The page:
Adobe and new BFF Nokia announced a $10 million Open Screen Project fund to encourage developers to create Flash-based applications and services for mobile devices.
"We are excited about the Open Screen Project Fund and the possibilities it offers to designers and developers worldwide," said David Wadhwani, general manager and vice president of the Platform Business Unit at Adobe. "With close to 40 percent of all new mobile devices shipped with Flash Lite in 2008, the fund will enable more developers to bring their rich content and services to a large number of mobile users."
To make a bid for a portion of the grant money, interested developers are being asked to submit concepts for apps built around the Flash platform, capable of running on Nokia devices, and support a variety of screens, such as mobile, desktop, and consumer electronics devices. Once submitted, projects will be reviewed by Open Screen Project partners that include Adobe, Nokia, and Palm, who will be looking for how innovative and compelling the user experience is, how robust the application or planned implementation, and how well it exploits the capabilities and features of Nokia devices, the companies said.
More information, including how to apply, can be found here.
Fans of Half Life and, well, things that are cool are advised to take a five and a half minute break from the daily grind and check out the fan film Escape from City 17 - Part One.
Directed by The Purchase Brothers, the life-action fan flick started off as a test project to experiment with various post production techniques, but has now turned into a multi-part series. The directors claim the short film was shot with "no money, no time, no crew, and no script," and that it only took $500 to make the first two episodes.
Check it out, then hit the jump and offer your critique.
Nvidia this week unveiled a new platform that ties its Tegra 600 Series 'computer-on-a-chip' technology with a $99 always-on, always-connected HD mobile internet device (MID). According to Nvidia, devices built around the new platform can last for days before it becomes necessary to charge the battery.
"Mobile internet devices have evolved to provide consumers with the performance and connectivity required by today’s lifestyle," said Michael Rayfield, general manager of the mobile business unit at NVIDIA. "Until now, consumers could get just another ‘gadget’ with limited functionality or a PC that’s not ‘always on’. A Tegra-based platform combines the best of both worlds."
In addition to a super-long battery life, Nvidia says its Tegra MID will be capable of both 720p and 1080p video playback and come equipped for full WiFi and 3G connectivity. The company also says the hardware will be optimized for Web 2.0 applications and utilize a complete software solution consisting of Microsoft Windows Embedded CE OS, application viewers, an internet browser, UI framework, a web mail client, and host of other goodies.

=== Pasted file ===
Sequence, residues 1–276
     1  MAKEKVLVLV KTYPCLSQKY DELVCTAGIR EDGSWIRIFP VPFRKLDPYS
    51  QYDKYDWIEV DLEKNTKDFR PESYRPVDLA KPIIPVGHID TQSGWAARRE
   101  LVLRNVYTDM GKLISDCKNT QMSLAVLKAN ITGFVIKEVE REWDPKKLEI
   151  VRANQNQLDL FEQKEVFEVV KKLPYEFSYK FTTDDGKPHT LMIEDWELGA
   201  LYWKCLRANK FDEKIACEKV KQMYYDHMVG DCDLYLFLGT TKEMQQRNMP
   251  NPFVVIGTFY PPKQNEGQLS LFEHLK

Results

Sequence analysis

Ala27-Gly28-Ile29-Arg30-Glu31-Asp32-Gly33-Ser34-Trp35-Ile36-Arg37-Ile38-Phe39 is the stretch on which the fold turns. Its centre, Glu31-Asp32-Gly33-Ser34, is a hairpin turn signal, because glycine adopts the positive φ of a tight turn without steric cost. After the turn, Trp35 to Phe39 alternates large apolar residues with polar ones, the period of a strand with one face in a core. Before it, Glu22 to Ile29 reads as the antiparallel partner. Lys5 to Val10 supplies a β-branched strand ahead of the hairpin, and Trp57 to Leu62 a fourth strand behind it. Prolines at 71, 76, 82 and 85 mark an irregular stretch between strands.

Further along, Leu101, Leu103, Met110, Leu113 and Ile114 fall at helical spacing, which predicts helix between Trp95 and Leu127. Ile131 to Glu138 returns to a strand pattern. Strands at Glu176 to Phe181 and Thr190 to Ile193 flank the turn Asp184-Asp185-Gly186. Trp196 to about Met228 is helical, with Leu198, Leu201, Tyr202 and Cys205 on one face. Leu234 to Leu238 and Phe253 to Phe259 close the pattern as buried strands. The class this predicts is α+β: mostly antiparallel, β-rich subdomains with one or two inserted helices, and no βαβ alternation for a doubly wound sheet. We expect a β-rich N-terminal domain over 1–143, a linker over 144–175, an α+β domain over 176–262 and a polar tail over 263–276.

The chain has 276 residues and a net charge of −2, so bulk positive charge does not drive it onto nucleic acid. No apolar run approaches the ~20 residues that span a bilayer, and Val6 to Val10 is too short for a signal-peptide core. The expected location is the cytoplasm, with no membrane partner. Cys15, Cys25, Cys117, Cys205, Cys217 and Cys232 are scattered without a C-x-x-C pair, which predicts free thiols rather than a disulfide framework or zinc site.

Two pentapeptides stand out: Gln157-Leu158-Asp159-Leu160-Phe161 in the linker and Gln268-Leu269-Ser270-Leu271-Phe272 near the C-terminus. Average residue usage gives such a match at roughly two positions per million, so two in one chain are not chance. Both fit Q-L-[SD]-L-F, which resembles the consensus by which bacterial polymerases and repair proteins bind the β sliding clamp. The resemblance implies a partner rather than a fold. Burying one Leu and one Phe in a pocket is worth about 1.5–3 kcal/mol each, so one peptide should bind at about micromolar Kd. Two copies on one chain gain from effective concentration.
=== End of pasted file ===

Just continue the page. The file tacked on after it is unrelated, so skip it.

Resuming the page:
Too good to be true? Time will tell, but if Nvidia can deliver on all that it's promising, some very compelling devices could wind up in the market place. The graphics chip maker has indicated it is working with manufacturers who will build the new MIDs, the first of which are expected to show up in the second half of 2009.
The entertainment industry hasn’t met with much success during its battle against illegal fire sharing. It is foolish to believe that industry insiders, including some of the most ardent of anti-p2p zealots, are not cognizant of the futility of their anti-p2p campaign. They are just reluctant to concede that their approach has proved to be ineffective.
Johansen told Dagbladet, a Swedish magazine, that the ongoing fight against file sharing is useless. He believes that as copyright violations continue unabated, a fresh approach is needed - one that is more practical. "No one has ever won a battle when fighting against new technology," Johansen warned.
Computerworldreports that HP will offer not only Windows 7 Professional and Home Premium SKUs on its netbooks, but also the stripped-down (three apps open at a time) Windows 7 Starter edition. Making Starter available in all markets is a departure for Microsoft, which has offered Windows XP and Windows Vista Starter editions only in developing countries.
As we reported earlier this month, Windows 7, unlike Windows Vista, is designed to run on everything from netbooks to the most powerful desktop and laptop PCs on the market. Although HP isn't the first company to announce it would be running Windows 7 on netbooks (ASUS beat them to the punch back in October), HP's decision provides more backing for Microsoft's claim that Windows 7 covers all the modern PC bases. So, how about you? What's the lowest-performance platform you've used for installing Windows 7 Beta? Were you satisfied with the performance, or not? Join us after the jump for your chance to share your Windows 7 Beta on netbook or low-end PC platforms war stories.
Diamonds might be a girl's best friend, but Sparkle's Diamonds Sputtering technology looks to cozy up to videocards in an attempt to offer better heat dissipation.
The company today announced the new technology, which it says consists of outfitting the cooling fins on videocards with a Diamond-like Carbon (DLC) membrane. According to Sparkle and its R&D team, DLC offers high heat conduction capable of dissipating heat much more effectively than copper alone.